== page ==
Value for money in fund management is about much more than just returns
How much money would you be prepared to pay to enter a casino? Since the house wants you to play, you might expect access to be free. Unless, of course, there is value to be had from the visit besides the siren call of the roulette pill clattering into a pocket, and a dream of wealthy outcomes.
It may surprise you to learn that Singapore’s two vast modern casinos charge locals an entry fee of S$100 (around £54). There is no ‘added value’ here — the fee is a government levy designed to deter locals from gambling.
Foreigners, with a perceived attitude to hard work and discipline inferior to the native Singaporeans’, are free to lose their Ralph Lauren shirts at one of each resort’s 500-plus gaming tables without restraint.
Casino de Monte-Carlo, meanwhile, also charges for entry, but this comes in recognition of the fact that the building’s legendary status, Beaux Arts architecture and covert ambience possess more than a certain cachet, attracting hundreds of non-gambling tourists.
This is value-for-money gambling — providing rarity value, a cinematic icon and a sense of opulence. Otherwise, the games are just the same, with exactly the same odds of winning.
Crossing the spitting distance between gambling and investment, value for money is, of course, central to the FCA’s current inquisitorial approach to its relationship with fund management, and latterly to platforms.
A number of respected industry commentators seem to struggle to find relevance between value for money and fund management.
The venerable publishing personality Lawrence Gosling recently suggested that the FCA was dressing up ‘cheap’ as value for money, and that the test is simple: what is the return?
He felt that most investors would agree that a fund with lower costs, and better performance, is one that has provided better value.
At the other extreme, investment muggles are shocked to discover what should be self-evident — that securities transactions are not free, and therefore are a significant contributor to total costs. Their arithmetic similarly takes no account of returns, which are net of those fees in any event.
As Gosling inquired, “does that mean (funds with low transaction costs) are better value for money than funds that trade more?”
He also referenced Hawksmoor Investments chief investment officer for private clients and head of research Jim Wood-Smith’s comparison of fund value for money with that in house building. Buyers have surveys carried out to ensure that the house will not collapse, and to confirm what it is worth. But there is no requirement for the house builder to demonstrate the price represents value for money.
I would argue that analogy is overstretched.
The professional design, sourcing of materials and construction of a house requires skill. House building is not determined by luck. Throwing 10,000 bricks, pipes and wiring into the air in Surrey and expecting them to land neatly in the form of a four-bedroom mock-Tudor detached family residence is somewhat optimistic.
Investment, on the other hand, is at least part luck. As behavioural finance guru Daniel Kahneman proclaimed, success equals some talent and luck. Great success, on the other hand, equals some talent and a lot of luck. Over time, luck reshuffles the fund manager pack and places most of the cards in different places on the returns distribution curve.
Extreme good or bad luck eventually reverts to the mean. Skill does not, and that is a differentiator, along with price.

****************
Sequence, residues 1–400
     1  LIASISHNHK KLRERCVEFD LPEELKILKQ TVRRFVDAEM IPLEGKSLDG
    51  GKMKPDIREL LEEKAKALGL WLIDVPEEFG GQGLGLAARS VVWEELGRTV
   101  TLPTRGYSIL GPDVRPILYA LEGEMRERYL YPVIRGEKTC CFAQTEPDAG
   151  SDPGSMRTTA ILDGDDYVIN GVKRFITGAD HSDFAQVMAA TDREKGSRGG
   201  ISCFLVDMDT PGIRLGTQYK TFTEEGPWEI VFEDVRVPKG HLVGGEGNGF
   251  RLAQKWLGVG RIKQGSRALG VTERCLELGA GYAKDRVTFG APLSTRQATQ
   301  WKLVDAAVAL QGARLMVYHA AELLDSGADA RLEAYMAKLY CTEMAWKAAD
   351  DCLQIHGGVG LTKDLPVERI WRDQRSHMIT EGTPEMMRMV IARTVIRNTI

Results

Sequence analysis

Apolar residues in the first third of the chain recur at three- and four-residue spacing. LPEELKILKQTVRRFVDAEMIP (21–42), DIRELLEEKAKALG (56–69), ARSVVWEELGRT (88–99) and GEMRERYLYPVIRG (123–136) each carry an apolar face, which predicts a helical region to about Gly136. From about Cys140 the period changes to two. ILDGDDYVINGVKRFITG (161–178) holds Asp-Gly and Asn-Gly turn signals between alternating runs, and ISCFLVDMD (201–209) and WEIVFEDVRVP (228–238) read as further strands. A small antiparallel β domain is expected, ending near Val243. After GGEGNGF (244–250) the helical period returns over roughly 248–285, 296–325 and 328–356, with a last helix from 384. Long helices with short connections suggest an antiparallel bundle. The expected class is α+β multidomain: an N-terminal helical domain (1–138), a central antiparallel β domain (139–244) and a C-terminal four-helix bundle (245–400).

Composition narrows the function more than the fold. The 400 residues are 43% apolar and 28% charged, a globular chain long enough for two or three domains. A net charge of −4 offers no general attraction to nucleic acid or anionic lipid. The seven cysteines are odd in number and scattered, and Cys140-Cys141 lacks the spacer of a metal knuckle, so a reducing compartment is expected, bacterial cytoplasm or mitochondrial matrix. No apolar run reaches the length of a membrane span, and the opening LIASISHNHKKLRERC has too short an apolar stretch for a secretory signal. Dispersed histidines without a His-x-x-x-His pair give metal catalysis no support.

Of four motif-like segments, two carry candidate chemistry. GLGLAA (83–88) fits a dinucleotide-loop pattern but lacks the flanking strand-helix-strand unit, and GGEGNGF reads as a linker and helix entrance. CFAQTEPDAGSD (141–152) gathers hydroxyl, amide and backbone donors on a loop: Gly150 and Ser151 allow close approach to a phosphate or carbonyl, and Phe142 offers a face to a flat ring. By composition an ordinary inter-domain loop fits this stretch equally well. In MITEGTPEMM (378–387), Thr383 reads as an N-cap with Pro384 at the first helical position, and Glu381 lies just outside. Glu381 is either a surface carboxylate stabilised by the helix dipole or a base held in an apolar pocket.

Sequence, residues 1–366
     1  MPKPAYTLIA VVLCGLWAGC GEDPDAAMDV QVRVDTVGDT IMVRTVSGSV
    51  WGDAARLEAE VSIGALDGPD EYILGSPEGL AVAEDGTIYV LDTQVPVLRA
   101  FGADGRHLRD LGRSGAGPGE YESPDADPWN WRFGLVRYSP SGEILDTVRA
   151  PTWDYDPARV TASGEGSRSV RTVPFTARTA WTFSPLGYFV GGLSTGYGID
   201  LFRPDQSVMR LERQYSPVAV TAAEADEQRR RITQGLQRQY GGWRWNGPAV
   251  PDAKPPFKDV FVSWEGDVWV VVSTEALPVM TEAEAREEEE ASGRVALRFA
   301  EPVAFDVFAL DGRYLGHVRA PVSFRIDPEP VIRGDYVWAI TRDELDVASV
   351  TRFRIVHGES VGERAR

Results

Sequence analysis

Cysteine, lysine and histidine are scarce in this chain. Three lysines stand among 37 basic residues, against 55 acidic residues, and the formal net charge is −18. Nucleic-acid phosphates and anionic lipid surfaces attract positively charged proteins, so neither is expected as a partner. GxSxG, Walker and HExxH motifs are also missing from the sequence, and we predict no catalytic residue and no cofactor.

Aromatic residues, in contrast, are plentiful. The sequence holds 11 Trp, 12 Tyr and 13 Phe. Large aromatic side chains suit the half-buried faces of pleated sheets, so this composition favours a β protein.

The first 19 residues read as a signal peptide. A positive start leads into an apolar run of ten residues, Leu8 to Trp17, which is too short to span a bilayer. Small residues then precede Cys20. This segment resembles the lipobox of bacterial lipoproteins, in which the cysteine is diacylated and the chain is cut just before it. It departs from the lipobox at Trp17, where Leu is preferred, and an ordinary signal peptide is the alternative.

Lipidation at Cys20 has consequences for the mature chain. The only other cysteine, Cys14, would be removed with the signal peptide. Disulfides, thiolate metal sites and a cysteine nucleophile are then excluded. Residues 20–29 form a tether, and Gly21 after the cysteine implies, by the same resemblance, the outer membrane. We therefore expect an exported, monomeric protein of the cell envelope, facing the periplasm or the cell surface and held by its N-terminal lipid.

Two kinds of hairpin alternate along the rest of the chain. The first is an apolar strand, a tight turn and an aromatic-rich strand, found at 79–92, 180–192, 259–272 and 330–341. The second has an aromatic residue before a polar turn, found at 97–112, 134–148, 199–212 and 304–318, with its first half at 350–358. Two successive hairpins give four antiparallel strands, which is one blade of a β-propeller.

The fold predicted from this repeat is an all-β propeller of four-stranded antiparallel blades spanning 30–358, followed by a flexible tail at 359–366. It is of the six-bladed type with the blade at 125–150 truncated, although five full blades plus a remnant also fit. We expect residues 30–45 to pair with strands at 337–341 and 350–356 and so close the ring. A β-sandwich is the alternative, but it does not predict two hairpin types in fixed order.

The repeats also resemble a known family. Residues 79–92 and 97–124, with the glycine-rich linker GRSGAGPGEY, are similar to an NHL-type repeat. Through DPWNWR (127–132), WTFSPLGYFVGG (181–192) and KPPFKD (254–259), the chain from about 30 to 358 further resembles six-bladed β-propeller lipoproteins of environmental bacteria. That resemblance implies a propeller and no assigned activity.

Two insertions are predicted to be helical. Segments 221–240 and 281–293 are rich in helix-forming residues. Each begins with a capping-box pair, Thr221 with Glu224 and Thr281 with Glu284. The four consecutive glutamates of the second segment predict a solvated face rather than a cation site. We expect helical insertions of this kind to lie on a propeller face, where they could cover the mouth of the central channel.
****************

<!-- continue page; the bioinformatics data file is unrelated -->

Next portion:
Consequently, value for money feedback based on returns is useless unless it distinguishes between skill and luck. The price I pay is 6 basis points for admin and custody; the premium should be for skill, or service benefits.
Some commentators claim investment return is all the product of luck. There is an easy test for this, incidentally. See if you can consistently lose money through long-only stock selection on purpose, excluding fees. If you can, some skill must be involved.
The problem is that we need a very large data sample to determine skill content versus luck. This implies using managers with long track records, and in respect of the same fund.
It can be argued that fund managers with less experience, or shorter track records, exhibit insufficient evidence of skill to warrant a significant premium over the 6bps admin cost associated with a passive fund.
In any other industry I might expect to pay less for inexperience or limited tenure. Businesses in that industry would have a value proposition and an associated marketing strategy.
Since value propositions either involve lower prices (the same product costs less), more benefits (a better product or experience for the same price), or a combination (higher quality costs more), fund managers need to identify what proposition suits their target market, over and above their ability to exhibit skill.
Strategies can include: making a product easier to buy, providing earlier and more regular gratification, incorporating a ‘must have’ innovative feature, lowering the cost of ownership by reducing the need to spend time and money post-purchase, and so on.
It is not beyond the wit of marketeers and product designers to apply these ideas and more to the financial products and services that they offer clients.
In fund management, value for money is not just about returns. It is about the cost of skill, and the casino-like entry fee that is no more than the price paid for luck. It is also about all the other product attributes — tangible or otherwise — that influence customers’ buying decisions.
Fund groups’ product development and marketing departments need to form strategies around these issues, rather than simply regurgitate platitudes about unique investment propositions and boffin investment managers.
Or they could always just place their trust in luck.
Graham Bentley is managing director of gbi2